I don’t particularly like my handwriting—neither did my third grade teacher. Maybe that’s why I’m attracted to professional fonts that look like handwriting. Or maybe it’s because they’re just plain awesome.
Fonts that resemble handwriting are as old as the Macintosh itself—the first Macs included Susan Kare’s 72-dpi bitmap font Los Angeles, and Apple includes the font Lucida Handwriting in Mac OS X.
Although Lucida Handwriting doesn’t look like anyone’s handwriting to me, the characters do connect nicely. If you want a font that looks like your own handwriting, you can do that for a very reasonable price—often under $10—online. For example, at YourFonts and Fontifier, you simply download and print a template, fill in the boxes with your handwritten letters, then scan and upload the template. The Website lets you tweak any letters that don’t look right, and then it generates a font for you. You can even include your signature as one of the characters.
If you want more control, and are willing to spend $30, have a look at FontLab’s SigMaker, which lets you convert your handwritten letters or any other line art into a font, or add new glyphs to an existing font.
But what if, like me, you don’t actually like your handwriting? The Web is full of free fonts that are based on someone else’s handwriting. I’ve found several that I like and I use them as if they were my own. Have a look at the handwriting fonts at FreeFonts, FontSpace, and Font Garden, for example. For more, use Google to search for “free handwriting fonts”.
For a more professionally produced handwriting font, look to Chank Diesel’s Go Font Yourself, volumes 1 and 2. Each collection contains several dozen handwritten fonts by real people.
You can even impersonate a famous artist—the P22 type foundry professionally digitized the handwriting of several prominent artists, including Cezanne, Gaugin, Van Gogh, Frank Lloyd Wright, and even Leonardo da Vinci.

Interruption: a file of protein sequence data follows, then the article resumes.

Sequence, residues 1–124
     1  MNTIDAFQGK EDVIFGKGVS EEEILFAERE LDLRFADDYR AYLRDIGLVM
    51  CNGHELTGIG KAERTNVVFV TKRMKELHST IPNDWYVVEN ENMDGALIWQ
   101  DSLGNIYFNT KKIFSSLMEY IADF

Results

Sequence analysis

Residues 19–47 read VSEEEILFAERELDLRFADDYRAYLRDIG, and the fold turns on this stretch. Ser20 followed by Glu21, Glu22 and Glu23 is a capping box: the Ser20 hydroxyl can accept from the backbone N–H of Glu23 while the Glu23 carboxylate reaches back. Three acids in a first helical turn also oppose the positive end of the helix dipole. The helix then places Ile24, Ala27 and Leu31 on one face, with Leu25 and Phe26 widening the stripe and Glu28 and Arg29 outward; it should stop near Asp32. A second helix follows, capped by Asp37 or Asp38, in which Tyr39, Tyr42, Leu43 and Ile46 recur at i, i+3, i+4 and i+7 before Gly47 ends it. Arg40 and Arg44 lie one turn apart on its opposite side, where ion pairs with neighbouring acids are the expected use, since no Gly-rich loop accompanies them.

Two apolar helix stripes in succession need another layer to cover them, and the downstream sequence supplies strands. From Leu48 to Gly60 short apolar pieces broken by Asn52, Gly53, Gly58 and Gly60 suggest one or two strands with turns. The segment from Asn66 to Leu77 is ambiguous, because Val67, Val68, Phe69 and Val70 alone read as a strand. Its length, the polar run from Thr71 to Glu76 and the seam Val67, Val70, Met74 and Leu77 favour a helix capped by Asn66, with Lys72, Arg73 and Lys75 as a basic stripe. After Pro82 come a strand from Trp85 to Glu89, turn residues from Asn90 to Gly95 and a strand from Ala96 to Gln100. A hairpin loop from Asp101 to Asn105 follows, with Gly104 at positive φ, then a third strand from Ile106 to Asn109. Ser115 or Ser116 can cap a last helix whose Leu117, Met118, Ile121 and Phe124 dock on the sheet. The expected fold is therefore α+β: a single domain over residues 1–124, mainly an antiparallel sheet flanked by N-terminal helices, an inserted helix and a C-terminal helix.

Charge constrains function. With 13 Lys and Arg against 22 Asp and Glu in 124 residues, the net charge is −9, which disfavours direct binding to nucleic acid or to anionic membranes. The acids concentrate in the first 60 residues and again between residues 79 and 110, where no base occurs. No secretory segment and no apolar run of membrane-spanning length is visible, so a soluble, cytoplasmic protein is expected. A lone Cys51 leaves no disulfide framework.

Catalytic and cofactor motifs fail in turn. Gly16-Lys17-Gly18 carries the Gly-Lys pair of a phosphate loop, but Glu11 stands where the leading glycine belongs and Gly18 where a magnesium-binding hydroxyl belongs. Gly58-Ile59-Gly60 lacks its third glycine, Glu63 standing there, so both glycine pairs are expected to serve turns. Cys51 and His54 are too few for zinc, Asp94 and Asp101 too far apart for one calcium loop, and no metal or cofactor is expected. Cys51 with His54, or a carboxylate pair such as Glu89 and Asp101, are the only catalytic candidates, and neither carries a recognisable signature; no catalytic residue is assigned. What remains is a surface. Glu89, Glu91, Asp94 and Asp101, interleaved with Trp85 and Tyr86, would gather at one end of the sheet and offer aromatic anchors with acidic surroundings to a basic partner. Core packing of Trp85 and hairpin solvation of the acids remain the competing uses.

Some fonts make use of the OpenType font format‘s ability to recognize surrounding letters and substitute different letter shapes (glyphs) based on context. The result is text that looks more natural because different instances of each letter don’t look the same. A few good examples are Canada Type’s Martie Pro (available from several resellers), MADType’s Casino Hand, and P22’s remarkable Brass Script Pro.
If your tastes tend toward the handwriting styles you’ve seen in fancy greeting cards, have a look at Rob Leuschke’s TypeSETit collection. He was formerly a typographer for Hallmark, and has imbued his font designs with the timeless grace he developed while working on their card designs.
For possibly the best examples of professional penmanship, see P22’s Zaner Pro, an OpenType font based upon the work of one of the most influential penman in American history — Charles Paxton Zaner. One unique feature is that you can apply swashes to the end of a word by typing the tilde character (~). If you keep pressing the tilde key, you’ll cycle through a range of swashes. For some typographic inspiration, download their PDF full of examples of its use.
I believe that every person has at least one good font design inside them. Perhaps the abundance of handwriting fonts supports this belief. Or not… regardless, it can be hugely entertaining to flip through a collection of handwritten fonts and imagine what kind of person was responsible for each one. Plus, you might find one that shows people a better version of you.
[Jay J. Nelson is the editor and publisher of Design Tools Monthly, an executive summary of graphic design news.]